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Os-Cal UltraŽ

combines an easy-to-absorb form of calcium carbonate with key nutrients critical for maintaining healthy bones and helping to prevent osteoporosis. Buy Now

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New Os-Cal Ultra® targets greater nutritional needs of healthy bones

Have you ever thought of your bones as a bank-the kind that takes deposits and issues withdrawals? Probably not. But that's one way to describe the relationship between bones and calcium, says Michael Thomas, M.D., associate professor at the University of Cincinnati Medical Center. Bones act as a bank for calcium. Calcium keeps bones strong but it is deposited there only temporarily. "Calcium is constantly shifting through the body," Dr. Thomas says. "Every cell in the body uses calcium to enable it to function."

Because calcium doesn't just stay in one place, it's critical to make daily deposits to "keep your bank full," he says. "Although calcium is the main nutrient we think of when it comes to bone health, other vitamins and trace minerals work with calcium to decrease bone loss."

A new calcium supplement, Os-Cal Ultra®, combines an easy-to-absorb form of calcium carbonate with key nutrients critical for maintaining healthy bones and helping to prevent osteoporosis.

These additional nutrients make the following contributions to overall bone health:

Vitamin D helps the body absorb calcium, which reduces age-related bone loss and bone fractures related to osteoporosis. The body produces its own vitamin D through exposure to sunlight. But that process slows down as a person ages. As we age, we tend to reduce our exposure to sunlight, so "we need to increase our consumption of vitamin D to enhance calcium absorption," Thomas says.

Magnesium helps the body absorb both calcium and vitamin D. The nutrient also helps synthesize proteins. Low magnesium status has been associated with postmenopausal osteoporosis.

The trace minerals zinc, copper and manganese all play a role in bone development and structure.

Zinc is part of an antioxidant enzyme that helps to prevent cellular destruction, which can cause problems with bone growth and maturation. In addition, increased intake of zinc by postmenopausal women has been shown to sustain bone density in the spine.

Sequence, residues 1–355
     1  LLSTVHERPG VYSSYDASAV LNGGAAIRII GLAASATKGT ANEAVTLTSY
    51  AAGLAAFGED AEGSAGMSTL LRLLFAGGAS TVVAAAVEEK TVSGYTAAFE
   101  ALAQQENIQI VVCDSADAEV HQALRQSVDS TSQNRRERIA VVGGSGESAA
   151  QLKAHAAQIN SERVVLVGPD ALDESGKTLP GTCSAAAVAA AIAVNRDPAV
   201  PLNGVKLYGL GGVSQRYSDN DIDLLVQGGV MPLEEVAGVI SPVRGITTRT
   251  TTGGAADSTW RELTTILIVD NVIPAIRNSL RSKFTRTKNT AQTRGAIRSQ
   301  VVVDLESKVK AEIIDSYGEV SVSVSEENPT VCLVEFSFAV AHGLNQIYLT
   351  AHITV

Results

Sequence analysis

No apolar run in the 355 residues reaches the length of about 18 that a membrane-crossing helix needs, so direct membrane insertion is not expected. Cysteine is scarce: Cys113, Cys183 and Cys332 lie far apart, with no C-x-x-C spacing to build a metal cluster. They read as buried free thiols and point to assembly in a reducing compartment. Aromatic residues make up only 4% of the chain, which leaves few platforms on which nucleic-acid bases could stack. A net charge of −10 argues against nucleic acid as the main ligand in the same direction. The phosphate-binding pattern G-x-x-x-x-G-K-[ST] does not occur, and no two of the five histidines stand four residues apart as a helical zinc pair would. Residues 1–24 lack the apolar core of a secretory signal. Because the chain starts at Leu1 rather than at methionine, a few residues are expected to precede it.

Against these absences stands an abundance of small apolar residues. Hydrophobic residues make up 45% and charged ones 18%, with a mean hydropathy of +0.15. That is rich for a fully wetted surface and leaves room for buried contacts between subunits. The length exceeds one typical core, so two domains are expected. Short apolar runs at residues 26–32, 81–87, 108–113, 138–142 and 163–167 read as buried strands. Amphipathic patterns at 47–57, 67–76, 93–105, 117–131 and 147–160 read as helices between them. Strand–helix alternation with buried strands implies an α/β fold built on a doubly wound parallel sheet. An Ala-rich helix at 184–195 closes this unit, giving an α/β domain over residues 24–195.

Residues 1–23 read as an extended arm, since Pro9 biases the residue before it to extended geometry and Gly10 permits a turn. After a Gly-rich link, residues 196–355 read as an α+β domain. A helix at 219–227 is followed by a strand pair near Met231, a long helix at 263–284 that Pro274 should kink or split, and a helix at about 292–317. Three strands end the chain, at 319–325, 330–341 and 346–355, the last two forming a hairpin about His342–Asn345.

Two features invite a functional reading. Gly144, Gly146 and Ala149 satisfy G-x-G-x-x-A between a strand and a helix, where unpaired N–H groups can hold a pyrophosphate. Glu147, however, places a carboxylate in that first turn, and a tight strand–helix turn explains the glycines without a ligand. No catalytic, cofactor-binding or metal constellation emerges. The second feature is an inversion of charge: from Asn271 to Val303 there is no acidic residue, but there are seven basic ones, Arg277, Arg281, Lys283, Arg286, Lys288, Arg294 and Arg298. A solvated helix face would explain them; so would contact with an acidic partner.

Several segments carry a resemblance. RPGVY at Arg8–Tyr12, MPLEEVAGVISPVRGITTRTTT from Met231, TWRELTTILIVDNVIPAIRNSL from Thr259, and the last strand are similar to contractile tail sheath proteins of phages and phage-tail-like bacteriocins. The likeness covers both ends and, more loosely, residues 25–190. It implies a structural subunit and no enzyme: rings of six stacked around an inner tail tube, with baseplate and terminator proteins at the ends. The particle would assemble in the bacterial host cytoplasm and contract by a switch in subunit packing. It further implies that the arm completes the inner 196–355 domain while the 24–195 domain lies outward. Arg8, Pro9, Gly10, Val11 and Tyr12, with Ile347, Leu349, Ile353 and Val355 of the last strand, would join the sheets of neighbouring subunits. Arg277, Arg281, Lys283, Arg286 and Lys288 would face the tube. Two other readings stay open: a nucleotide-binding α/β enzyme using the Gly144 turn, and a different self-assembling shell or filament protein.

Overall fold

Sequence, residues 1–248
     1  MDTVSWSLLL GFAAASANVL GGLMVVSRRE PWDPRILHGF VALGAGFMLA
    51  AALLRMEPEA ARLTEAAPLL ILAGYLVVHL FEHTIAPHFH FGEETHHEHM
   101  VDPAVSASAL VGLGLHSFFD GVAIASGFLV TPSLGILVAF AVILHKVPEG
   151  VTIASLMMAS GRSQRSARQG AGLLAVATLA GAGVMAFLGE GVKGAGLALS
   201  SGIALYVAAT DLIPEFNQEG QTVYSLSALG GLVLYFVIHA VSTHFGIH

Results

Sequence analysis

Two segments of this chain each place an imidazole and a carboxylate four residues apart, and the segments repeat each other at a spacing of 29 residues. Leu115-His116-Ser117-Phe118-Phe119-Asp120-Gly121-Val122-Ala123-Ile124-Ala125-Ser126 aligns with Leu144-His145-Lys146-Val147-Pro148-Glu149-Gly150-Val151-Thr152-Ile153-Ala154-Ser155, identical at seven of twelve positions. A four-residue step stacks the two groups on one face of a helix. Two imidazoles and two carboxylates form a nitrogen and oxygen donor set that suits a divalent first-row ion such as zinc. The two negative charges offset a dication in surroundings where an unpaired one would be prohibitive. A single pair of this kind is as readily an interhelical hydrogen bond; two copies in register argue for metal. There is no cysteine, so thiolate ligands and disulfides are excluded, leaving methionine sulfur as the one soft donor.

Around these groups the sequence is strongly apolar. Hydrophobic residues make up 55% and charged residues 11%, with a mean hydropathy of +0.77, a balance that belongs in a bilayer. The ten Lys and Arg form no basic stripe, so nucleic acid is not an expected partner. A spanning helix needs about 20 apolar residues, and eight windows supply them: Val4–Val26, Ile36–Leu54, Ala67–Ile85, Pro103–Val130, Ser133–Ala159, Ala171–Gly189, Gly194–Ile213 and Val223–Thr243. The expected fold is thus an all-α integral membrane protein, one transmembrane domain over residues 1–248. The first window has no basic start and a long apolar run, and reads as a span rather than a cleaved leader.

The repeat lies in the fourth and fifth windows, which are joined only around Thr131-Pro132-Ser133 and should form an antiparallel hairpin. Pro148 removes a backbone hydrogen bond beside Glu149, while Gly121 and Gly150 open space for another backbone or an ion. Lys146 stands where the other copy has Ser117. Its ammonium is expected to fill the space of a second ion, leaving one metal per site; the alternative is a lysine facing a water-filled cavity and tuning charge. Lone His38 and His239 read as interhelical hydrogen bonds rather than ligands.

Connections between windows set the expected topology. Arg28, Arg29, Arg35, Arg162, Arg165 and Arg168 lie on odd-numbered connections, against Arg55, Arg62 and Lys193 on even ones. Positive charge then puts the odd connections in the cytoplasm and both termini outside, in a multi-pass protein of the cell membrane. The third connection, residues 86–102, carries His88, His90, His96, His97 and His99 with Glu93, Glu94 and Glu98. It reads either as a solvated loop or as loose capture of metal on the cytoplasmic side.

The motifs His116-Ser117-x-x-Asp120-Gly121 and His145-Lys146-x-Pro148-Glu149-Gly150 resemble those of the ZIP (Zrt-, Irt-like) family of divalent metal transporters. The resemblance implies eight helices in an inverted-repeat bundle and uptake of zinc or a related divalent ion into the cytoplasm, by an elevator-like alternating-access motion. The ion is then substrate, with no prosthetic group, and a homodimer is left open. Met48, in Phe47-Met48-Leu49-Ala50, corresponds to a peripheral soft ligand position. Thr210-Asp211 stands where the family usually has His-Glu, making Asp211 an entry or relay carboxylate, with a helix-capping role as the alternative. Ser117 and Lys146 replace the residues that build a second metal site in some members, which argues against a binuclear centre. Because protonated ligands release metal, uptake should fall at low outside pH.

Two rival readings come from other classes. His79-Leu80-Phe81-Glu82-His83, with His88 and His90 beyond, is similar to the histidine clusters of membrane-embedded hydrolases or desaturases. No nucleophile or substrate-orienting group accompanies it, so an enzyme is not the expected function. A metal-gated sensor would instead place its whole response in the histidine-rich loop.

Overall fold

Fifty percent of the total copper content in the body is in the bones and muscles, and it plays a role in helping to keep bones from thinning.

Manganese, in combination with other trace minerals, helps prevent bone loss and osteoporosis as well.

Boron works with magnesium and vitamin D to enhance calcium absorption and help maintain calcium levels in the body.

Vitamin C works as an antioxidant. It is also essential for the formation of collagen (a protein that binds cells together) and aids in iron absorption.

Vitamin E serves as an antioxidant, protecting biological membranes and stabilizing cellular function. But studies also show that vitamin E can decrease the damage caused to bones by smoking. "We know that people who smoke or who are around smokers have increased calcium loss in the bones," Dr. Thomas says. "Vitamin E can decrease that effect." If vitamin E is not taken in sufficient amounts, smokers face a substantially increased risk of hip fractures.

"The biggest advantage of Os-Cal Ultra is that it makes sure that the calcium you take gets where it is supposed to," Dr. Thomas says. "Taking calcium is one thing, but getting it into the bones is the other."

Why is it important to take Calcium and Vitamin D?

Adequate calcium and vitamin D intake is critical to preventing and treating osteoporosis. Although calcium intake alone will not protect a menopausal woman from osteoporosis, adequate intake will ensure that calcium deficiency is not contributing to a weakening skeletal system.

What are the recommended daily dosages of Calcium?
The National Institutes of Health Consensus panel recommends 1000 milligrams of calcium for adult women until menopause. After menopause, the recommended range is 1000 to 1500 milligrams of calcium per day. If taking hormone replacement therapy or other preventative medications, the usual recommended dose is 1000 to 1200 milligrams per day. If not taking preventative medications in menopause, the recommendation is 1500 milligrams per day.

Click here to read about a new study regarding Calcium, Vitamin D and the risk of fracture

Can I get enough by increase Calcium in my diet?
It’s important to know which foods are calcium containing foods so you can increase the amount of calcium in your diet. Dairy products (including cheese), and broccoli are common calcium containing foods. One 8-ounce glass of milk contains approximately 300 milligrams of calcium, while a cup of yogurt contains 200 - 400 milligrams. Fortified foods, including orange juice and nutritional bars also contain extra calcium. In order to get adequate calcium in menopause you would have to, for example, drink five 8-ounce glasses of milk per day. Unfortunately, the number of calories ingested to obtain an adequate calcium intake from dietary products is often considered excessive. Therefore, supplementation with a calcium product is often recommended.

Click here to use the ‘Calcium Calculator’ at

How do I know if I’m getting enough?
The amount of calcium absorbed and utilized by the bone depends on a number of factors, including the solubility of the product, dose, number of dosages per day, and potential interference from co-ingested foods and medications. For instance, antacids can impair the absorption of calcium. And although 3-5% of patient's report occasional gas cramps when taking any calcium supplement, taking the supplement with meals will increase absorption of the supplement while reducing cramps.